About silk, scary French, and a lucky charm

Some years back there was a movie called “Silk” with Keira Knightley. The story itself aside, it was about a Frenchman traveling to Japan for silkworm eggs, as at the time (around 1860-ies) France had a developed industry and techniques, but a disease spread across Europe damaging most of silkworms. Japan, on the other hand, did not have a developed industry, but was producing silk in small family households and was just opening to foreign trade.

In a kimono shop.

It’s not only about dresses, a selection of silk ties.

It is true that at the time raw silk was the main export product, yet increasing trade volumes (big part of that with France) led to quality issues. The first Meiji government decided to open a first industrial silk spinning mill in Japan, as a way to improve its export product quality and to obtain foreign currencies for further economic development. They purchased technology from Lyon, France, and invited a Frenchman, Paul Brunat, to set-up and lead the factory during the first five years of its operations. That was how Tomioka Silk Mill came to existence in around 1872. The French guy was a silk quality expert, and after five years of prior work in Yokohama port, was known as the “God of Silk” among Japanese.

Tomioka Silk Mill, a Unesco Heritage Site since June 2014.

French instructors and even a French doctor were brought to Japan, French silk reeling machines were adapted to smaller Japanese hands and humid climate, and the Tomioka Silk Mill was ready to recruit and kick off. The idea was to hire young women, teach them and send them back to their hometowns to work as instructors and pass on the knowledge and experience.

Tomioka Silk Mill, Gunma prefecture, Japan.

Yet, in the beginning no one applied. You wonder why, as the factory was offering work for women, good conditions (no more than 8 hours work a day, bath every day, Sunday’s off, possibility to attend night school, and etc.)? Apparently, there was one simple reason: locals were not familiar with Westerners and their certain cultural aspects, e.g. drinking red wine. Rumors spread that those French are drinking blood and that’s why they are looking to recruit young girls. It took quite some efforts and the top Japanese guy in the Silk Mill to recruit his own daughter to show that the rumors were not true. Finally, all misunderstandings were solved and the factory operations started even though with a few months delay.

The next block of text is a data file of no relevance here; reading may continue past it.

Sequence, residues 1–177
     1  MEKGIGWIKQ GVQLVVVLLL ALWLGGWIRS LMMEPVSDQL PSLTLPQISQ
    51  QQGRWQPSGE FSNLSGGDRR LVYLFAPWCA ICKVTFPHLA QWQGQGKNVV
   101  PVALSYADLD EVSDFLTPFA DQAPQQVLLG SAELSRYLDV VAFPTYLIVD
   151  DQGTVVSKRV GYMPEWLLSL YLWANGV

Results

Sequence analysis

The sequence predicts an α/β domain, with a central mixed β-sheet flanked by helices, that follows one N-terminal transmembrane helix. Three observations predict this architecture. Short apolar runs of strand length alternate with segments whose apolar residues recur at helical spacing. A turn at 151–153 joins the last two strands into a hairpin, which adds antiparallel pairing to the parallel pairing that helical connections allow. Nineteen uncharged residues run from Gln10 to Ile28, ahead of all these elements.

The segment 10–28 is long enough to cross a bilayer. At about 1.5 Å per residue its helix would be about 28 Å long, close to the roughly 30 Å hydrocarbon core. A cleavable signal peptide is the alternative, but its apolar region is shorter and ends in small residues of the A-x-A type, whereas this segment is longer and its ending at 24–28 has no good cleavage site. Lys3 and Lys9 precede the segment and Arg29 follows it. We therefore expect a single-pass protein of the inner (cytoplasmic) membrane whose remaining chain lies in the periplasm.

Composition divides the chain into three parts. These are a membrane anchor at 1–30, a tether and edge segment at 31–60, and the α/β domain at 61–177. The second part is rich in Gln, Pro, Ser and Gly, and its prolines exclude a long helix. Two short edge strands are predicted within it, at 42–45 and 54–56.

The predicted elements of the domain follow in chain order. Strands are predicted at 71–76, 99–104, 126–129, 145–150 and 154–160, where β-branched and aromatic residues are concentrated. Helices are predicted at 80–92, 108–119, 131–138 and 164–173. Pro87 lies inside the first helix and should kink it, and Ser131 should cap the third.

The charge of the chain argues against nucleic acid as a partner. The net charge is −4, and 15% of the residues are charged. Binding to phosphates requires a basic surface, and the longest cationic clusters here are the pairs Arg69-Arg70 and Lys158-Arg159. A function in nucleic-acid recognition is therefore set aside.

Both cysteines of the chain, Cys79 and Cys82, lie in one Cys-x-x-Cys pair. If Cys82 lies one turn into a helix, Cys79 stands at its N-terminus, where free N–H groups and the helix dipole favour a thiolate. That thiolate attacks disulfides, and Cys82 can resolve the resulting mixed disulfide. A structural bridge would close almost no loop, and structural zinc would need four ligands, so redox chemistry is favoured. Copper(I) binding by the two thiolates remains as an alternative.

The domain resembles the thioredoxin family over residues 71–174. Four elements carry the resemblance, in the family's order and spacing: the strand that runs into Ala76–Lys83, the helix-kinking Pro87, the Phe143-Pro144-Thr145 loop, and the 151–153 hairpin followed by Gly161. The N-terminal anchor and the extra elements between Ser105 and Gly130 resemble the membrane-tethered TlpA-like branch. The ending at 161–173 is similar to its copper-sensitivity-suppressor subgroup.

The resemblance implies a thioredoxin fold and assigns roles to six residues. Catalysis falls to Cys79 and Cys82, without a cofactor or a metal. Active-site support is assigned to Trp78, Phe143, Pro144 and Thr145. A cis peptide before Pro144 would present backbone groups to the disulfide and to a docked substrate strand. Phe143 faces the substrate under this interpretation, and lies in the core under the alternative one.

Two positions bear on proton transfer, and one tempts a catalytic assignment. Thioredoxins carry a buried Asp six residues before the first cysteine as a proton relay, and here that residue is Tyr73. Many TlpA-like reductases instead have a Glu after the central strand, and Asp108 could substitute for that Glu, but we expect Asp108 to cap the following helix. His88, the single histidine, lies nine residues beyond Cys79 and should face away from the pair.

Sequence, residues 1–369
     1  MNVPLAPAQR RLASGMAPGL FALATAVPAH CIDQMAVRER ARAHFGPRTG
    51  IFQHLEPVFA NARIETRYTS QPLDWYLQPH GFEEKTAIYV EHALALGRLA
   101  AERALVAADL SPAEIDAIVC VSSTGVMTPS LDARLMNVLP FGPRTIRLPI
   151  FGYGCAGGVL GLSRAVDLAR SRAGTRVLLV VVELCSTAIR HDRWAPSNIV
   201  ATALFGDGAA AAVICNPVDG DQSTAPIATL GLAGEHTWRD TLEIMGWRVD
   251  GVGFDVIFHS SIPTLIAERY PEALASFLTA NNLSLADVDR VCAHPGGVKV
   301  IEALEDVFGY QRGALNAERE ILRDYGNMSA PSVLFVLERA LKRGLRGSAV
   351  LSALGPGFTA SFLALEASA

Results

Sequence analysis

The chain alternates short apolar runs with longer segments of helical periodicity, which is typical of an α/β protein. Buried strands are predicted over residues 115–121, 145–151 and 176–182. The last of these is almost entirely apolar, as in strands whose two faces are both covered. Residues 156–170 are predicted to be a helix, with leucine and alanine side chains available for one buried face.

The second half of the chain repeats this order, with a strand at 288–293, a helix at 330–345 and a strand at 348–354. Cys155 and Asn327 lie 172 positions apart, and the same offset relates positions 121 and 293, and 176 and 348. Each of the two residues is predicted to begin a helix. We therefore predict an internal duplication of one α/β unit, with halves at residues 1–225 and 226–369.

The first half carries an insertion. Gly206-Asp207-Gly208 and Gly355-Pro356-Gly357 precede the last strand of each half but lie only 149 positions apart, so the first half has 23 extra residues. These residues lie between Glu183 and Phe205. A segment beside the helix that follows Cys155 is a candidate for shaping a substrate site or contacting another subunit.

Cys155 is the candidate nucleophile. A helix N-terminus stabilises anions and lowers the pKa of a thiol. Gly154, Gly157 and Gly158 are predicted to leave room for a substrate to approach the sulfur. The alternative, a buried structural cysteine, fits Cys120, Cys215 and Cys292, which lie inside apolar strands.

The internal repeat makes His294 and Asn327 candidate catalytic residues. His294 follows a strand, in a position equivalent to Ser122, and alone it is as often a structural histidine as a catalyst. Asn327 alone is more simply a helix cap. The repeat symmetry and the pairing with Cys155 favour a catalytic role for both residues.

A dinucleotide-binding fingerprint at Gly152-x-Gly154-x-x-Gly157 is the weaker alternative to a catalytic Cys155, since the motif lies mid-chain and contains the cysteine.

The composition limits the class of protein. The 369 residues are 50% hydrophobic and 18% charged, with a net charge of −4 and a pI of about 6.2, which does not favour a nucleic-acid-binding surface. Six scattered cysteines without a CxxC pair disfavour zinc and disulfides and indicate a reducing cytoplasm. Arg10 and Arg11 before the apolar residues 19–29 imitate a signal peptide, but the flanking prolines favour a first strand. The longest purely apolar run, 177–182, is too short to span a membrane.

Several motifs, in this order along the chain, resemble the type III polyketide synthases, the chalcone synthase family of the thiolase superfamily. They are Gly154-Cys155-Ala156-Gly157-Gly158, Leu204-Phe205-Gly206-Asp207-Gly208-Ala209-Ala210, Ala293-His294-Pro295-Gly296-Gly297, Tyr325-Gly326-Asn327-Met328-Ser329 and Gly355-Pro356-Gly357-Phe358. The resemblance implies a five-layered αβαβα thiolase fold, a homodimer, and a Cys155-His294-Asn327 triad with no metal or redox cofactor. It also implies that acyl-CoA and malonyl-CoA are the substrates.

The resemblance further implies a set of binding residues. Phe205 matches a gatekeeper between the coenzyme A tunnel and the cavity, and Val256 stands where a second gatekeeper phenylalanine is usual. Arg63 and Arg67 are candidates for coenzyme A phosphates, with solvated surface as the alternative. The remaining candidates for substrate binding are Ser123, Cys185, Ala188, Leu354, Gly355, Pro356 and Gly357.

Kimono. Just think how much work goes into something like this… Yokohama Silk Museum.

While all the French employees were gone after five years and the Silk Mill was run entirely by Japanese, it laid the basis for Japan-France trade relations, and even more so, laid foundations to the Japan’s manufacturing. For instance, Toyota started in the loom making business, while Nissan developed some of its engines based on the silk reeling machines.

Interestingly enough, the Tomioka Silk Mill remained continuously used for silk production up until 1987, which is rarely seen in the world. In 2014, the site was announced as UNESCO World Heritage site and is open for visitors. Together with Silk Museum in Yokohama, which was the main silk trading port at the time, it gives a good overview of silk production and history for anyone interested.

Yokohama Red Brick Warehouse: once the place where all the trade was taking place, now brought to its new life as a complex of shops and restaurants.

While currently Japanese silk industry is quite minimal (the decline was due to discovery of other fabric types, decreasing demand for kimonos, and cheaper imports from China, Korea and other South East Asia countries), once the biggest raw silk exporter is looking to revive its silk production.

Silkworms. May not be the most exciting/beautiful view, but this is where the silk comes from…

Gunma prefecture, the same where Tomioka Silk Mill is located, has preserved the whole silk production process and skills, thus, the idea is to spread the interest and energize the industry.

May not be of the best quality, but just to give you a glimpse into a life cycle of a silkworm. (Yokohama Silk Museum)

Learning how much time and efforts go into silk production, no surprise that Japanese silk (think of a silk kimono, a dress, a scarf or a tie) is so expensive.

It takes 110 cocoons to make a ilk scarf, 140 cocoons for a tie, 415 for a blouse, and 9000 cocoons for a kimono! (Yokohama Silk Museum)

Silkworm growing business was quite a risky one, given the sensitivity to climate conditions, availability of mulberry trees (the only food of the silk worms), and only one cycle per year (current technologies permit up to six).

A small mulberry tree plantation at the Tomioka Silk Mill.

One really needed good luck to be successful! That’s how Daruma emerged. You may have seen and heard about Daruma doll, the one without eyes, the idea being that you draw the left eye when you make a wish, and complete another (the right one) when that wish comes true.

Daruma: the lucky charm. You have to paint its left eye when you make a wish, and then the right one when that wish comes true.

Originating from a silkworm growing area of Japan, it was considered a lucky charm, as its round shape looks similar to a silk cocoon, while its ability to get back to upright position reminds one Japanese proverb, encouraging to keep striving for one’s goals without giving up.

So, remember, that even if you fall seven times, you need to get up once again, and that with patience and time, a simple mulberry leaf can turn into a wonderful silk gown.

A beautiful silk kimono @ Yokohama Silk museum.

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